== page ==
Tommy Crowe and Nic Jonnson, the owners of Jet Dark, winner of Saturday’s L’Ormarins Queen’s Plate at Kenilworth, have to decide whether to send their star three-year-old to the US for the Breeders Cup in November.

The winner of Saturday’s grade 1 race gets an automatic invite to the Breeders Cup championships which this year are scheduled to be held at Del Mar racecourse near San Diego on November 5 and 6. It is an iconic venue with its racetrack next to the beach. The slogan for the track is: “Come to the racecourse where the surf meets the turf.”

When trainer Justin Snaith travelled to Kenilworth on Saturday he would have had high hopes of winning the historic Queen’s Plate with his Vodacom July victor Belgarion or dual July winner Do It Again. He must have felt that three-year-old Jet Dark had a tough task against this duo as well as Rainbow Bridge and Cirillo.

However, under a perfect ride from Grant van Niekerk, Jet Dark rose to the occasion and his weight-for-age allowance allowed him to get the better of Rainbow Bridge and score by three-parts of a length.

Jet Dark, who cost R200,000 as a yearling, is a son of Trippi and was bred at Drakenstein Stud which hosted the behind-closed-doors meeting. In his previous outing, the colt had finished fourth behind Russian Rock in the Cape Guineas.

It was a fine start to the New Year for jockey Van Niekerk as he will want to forget 2020 in a hurry. He was shown the door by Hong Kong authorities in April after allegations of a domestic dispute.

Bookies will have cheered the result as Belgarion — unbeaten in his previous six races — was the subject of hefty support and started favourite at 9-10. Jet Dark attracted little interest and was sent off at 12-1.

When the betting on the Cape Met — scheduled for January 30 — settles down on Monday Belgarion and Rainbow Bridge will remain leading contenders as the first-named probably found Saturday’s 1,600m too short.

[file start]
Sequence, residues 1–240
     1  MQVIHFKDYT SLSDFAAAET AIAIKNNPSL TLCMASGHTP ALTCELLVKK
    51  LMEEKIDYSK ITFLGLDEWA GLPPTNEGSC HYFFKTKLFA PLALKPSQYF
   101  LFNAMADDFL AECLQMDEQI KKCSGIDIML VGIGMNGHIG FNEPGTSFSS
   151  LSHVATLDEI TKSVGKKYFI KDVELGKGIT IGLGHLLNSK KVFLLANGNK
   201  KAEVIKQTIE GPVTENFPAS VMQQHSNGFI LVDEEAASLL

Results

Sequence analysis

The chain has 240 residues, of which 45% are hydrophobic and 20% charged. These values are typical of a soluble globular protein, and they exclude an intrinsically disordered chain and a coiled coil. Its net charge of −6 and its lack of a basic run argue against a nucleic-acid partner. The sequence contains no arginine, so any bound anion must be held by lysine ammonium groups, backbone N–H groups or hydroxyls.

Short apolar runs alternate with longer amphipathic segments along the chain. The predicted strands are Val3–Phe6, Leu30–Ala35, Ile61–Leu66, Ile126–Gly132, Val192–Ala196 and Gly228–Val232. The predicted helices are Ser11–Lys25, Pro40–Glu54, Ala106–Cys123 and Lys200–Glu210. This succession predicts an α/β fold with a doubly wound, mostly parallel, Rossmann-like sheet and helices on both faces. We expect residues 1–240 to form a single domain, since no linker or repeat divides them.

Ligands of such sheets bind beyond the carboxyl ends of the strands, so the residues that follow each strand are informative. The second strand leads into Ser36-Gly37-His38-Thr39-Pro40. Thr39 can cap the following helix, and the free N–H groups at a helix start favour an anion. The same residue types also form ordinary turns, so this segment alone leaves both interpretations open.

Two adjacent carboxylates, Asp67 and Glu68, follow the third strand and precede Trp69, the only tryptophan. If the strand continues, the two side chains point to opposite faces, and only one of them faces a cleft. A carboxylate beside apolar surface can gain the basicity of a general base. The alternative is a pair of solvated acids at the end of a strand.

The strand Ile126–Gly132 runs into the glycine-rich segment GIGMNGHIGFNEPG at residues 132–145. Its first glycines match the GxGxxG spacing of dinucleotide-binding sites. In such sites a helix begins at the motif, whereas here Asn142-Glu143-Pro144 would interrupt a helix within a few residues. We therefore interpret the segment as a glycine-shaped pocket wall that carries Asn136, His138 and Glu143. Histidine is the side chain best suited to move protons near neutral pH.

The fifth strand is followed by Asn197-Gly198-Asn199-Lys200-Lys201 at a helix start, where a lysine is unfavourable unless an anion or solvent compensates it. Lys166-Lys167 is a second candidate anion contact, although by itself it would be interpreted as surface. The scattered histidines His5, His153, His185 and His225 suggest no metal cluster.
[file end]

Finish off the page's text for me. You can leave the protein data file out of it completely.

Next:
Rainbow Bridge’s second place took his career earnings to just shy of R6,7m so he continues to delight his owners Mike and Norma Rattray. They also own Golden Ducat — narrow winner of the Premier Trophy — so are likely to be double-handed in the Met.

Summer Pudding’s legion of fans will have shed a tear or two after Paul Peter’s filly surrendered her unbeaten record in the grade 1 Paddock Stakes. The Summer Cup winner never got a blow in as — for the second year running — Queen Supreme came out on top.

“She upped her game big-time today,” enthused winning trainer Mike de Kock, who was at the track to welcome his winner. This column has been advising early support for the mare for the Met for several weeks and her price is certain to shorten after this performance.

Summer Pudding — racing on a left-hand track for the first time — appeared to have every chance and seems unlikely to turn the tables on Queen Supreme in the Met.

The Snaith stable also took Saturday’s Design Indaba Stakes in which six-year-old Kasimir added to his bankroll when notching the 10th win of his career.


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